After seven months since my departure in government service, I finally got a word from GSIS that my application for retirement, in a few weeks, will be processed. By then I will be called a pensioner. By then I will no longer dream of re-entering the labor force to work my butt out. By then I will be receiving, if my computation is correct, an amount almost at par with my previous monthly salary and surprisingly, it is no longer taxable.
I will definitely miss my allowances, some perks and privileges but what the heck, I would gladly exchange it with all the drudgeries, humiliations, stresses, intrigues, indignities and intimidations one gets from working. The agency can have it lock, stock and barrel. No love lost there.
But definitely, I missed the friendship forged in the course of the struggle to achieve something in the organization. Well, several of them have retired anyway while others are contemplating to follow.
As a retiree, I will finally get to see how a part of my salary which was spliced and obligated, even made as investment, delivered back to me in the form of pension.
Accordingly, the pension will be deposited by GSIS in my UMID card and I could regularly withdraw from it on a monthly basis up until I reach thy kingdom come. Fair enough. A friend of mine, formerly head of a national association of government accountants, confided that I, along with several retirees, are lucky at this time to receive a fair share in our pension because it has been increased from the usual 20% of the retirees salary to 80%. He never enjoyed it though because he retired earlier when his recommendation had not yet been considered.
Anyway, while in my estimation my pension could smoothly sustain my routine, the threat of contracting ailments remains a proximate reality. Those who have reached senior citizen level have sensitive physical and psychological predisposition already. Their eye sights are faltering, their body metabolism has slowed down, their stamina has become suspect and their endurance has slackened to a large extent. But of course, moderation in diet and a disciplined restrain on certain physical activities may obviate sudden physiological deterioration.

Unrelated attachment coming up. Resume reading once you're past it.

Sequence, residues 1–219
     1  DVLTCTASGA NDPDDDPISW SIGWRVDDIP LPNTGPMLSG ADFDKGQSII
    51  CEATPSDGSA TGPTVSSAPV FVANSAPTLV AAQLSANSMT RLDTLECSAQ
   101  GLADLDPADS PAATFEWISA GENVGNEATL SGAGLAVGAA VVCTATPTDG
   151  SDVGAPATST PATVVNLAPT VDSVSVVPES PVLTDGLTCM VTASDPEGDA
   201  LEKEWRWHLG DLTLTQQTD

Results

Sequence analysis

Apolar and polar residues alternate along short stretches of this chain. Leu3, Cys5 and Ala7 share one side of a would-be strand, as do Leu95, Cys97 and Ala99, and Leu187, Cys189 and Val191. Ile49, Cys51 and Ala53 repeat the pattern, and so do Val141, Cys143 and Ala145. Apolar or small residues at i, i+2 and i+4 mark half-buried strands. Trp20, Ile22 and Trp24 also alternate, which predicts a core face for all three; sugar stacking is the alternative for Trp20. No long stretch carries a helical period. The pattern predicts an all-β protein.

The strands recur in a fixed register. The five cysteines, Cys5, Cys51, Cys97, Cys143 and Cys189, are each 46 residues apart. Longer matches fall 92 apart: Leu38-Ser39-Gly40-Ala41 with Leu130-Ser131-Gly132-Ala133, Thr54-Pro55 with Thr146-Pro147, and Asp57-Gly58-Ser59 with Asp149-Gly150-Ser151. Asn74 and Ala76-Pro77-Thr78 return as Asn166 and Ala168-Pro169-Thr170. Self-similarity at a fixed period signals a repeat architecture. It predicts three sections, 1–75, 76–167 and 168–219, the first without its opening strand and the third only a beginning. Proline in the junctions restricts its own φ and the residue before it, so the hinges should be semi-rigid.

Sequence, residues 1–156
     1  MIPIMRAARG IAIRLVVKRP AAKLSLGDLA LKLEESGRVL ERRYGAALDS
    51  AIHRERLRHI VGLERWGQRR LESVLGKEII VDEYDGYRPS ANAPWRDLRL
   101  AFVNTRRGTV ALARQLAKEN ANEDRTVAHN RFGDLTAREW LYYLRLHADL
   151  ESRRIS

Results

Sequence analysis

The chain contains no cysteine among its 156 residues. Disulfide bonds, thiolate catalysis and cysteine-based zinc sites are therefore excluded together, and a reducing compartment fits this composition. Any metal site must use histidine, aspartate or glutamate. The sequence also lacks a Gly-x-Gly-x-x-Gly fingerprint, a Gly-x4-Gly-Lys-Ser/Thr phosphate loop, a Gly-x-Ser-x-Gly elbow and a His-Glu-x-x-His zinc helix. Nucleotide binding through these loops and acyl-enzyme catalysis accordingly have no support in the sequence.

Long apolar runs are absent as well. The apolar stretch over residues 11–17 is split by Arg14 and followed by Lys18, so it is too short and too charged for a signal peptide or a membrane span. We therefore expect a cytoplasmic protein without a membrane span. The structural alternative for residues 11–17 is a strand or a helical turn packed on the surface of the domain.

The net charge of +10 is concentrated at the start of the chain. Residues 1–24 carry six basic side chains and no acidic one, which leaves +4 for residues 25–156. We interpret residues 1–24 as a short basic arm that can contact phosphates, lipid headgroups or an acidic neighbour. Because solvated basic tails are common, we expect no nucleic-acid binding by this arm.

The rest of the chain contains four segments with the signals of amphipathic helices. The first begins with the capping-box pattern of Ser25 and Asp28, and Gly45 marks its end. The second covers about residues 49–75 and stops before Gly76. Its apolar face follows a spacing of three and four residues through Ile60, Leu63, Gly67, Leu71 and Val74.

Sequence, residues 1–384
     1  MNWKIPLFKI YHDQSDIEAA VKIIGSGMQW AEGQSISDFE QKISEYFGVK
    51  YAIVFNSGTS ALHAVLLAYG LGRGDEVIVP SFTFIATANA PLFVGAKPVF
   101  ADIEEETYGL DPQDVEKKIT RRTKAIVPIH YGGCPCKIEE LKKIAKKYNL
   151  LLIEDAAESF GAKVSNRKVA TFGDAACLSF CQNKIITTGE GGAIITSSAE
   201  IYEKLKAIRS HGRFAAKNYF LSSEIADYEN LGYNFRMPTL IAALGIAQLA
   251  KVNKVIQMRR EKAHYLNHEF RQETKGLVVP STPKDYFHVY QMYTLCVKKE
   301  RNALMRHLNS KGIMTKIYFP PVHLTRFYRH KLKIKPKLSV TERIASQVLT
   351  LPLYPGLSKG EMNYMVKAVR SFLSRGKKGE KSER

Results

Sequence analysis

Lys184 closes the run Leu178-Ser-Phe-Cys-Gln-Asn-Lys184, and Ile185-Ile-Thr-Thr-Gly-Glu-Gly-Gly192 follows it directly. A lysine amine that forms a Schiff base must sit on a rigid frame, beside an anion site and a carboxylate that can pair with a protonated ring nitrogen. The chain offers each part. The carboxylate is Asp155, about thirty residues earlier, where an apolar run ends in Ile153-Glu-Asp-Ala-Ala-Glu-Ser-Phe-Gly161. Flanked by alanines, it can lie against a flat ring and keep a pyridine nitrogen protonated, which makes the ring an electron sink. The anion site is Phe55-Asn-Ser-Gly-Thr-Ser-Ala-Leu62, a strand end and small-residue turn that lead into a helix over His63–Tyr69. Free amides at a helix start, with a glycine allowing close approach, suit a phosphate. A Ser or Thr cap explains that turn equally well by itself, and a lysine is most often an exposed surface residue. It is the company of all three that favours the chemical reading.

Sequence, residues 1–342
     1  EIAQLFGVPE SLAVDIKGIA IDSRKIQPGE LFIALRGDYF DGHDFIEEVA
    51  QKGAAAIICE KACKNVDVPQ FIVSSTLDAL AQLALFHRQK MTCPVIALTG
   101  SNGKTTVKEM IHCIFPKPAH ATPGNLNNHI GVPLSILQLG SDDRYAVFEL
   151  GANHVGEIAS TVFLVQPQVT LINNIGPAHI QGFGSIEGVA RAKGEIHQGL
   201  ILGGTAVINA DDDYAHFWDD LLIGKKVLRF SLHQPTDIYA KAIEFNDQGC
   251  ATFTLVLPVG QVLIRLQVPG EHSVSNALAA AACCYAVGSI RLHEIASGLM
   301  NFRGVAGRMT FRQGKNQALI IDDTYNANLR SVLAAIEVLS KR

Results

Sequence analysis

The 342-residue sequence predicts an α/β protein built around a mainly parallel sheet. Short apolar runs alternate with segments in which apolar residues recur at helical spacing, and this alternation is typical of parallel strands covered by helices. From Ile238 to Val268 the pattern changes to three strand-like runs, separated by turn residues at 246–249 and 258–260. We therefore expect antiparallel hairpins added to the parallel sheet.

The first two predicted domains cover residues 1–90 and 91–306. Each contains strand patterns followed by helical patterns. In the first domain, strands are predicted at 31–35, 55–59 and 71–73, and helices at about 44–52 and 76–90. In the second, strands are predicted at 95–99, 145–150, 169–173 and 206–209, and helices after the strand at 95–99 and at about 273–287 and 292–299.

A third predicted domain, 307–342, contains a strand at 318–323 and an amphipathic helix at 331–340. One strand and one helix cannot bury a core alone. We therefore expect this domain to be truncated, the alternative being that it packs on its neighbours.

A number of my fellow retirees have virtually made the hospital their home and their pension as passport for their medical travails. A handful actually is there to enjoy in pristine form their annuities.
Pensioners have achieved a certain degree of recognition with the passage of law on the benefits of senior citizens. In some cities, movies for them are free. They get considerable discounts too in malls, restaurants, pharmacies and groceries. Unlike before when I along with my peers would display generous braggadocio in paying the bills as treat in a restaurant, now we could only wave and present our senior citizen IDs to the cashier and we are granted a handsome cut.
Personally, I felt that it was also some kind of racism as when I would be at the tail end of a cue in the bookstore. Before, I will have to patiently wait for my turn. Now, sales clerks would even carefully accost me to the nearest cashier for instant transaction as if I am the owner of the joint! There is respect everywhere. Well, provided that one must not act or appear as a millennial.
When I look back, I could see my grandfather, my father and all those old people during my youth and I swear, they were all to me so pitiful ageing beings. They stooped a lot. They unbearably smelled like the soil also. Now, the ball is in my hands but boy! I have a complete line of lotions which the youth today may find it competitive to deal with me at close range. Half of my pension, I intend to devote on vanity.
The struggle to look fresh and clean is always there, something my ancestors forgot.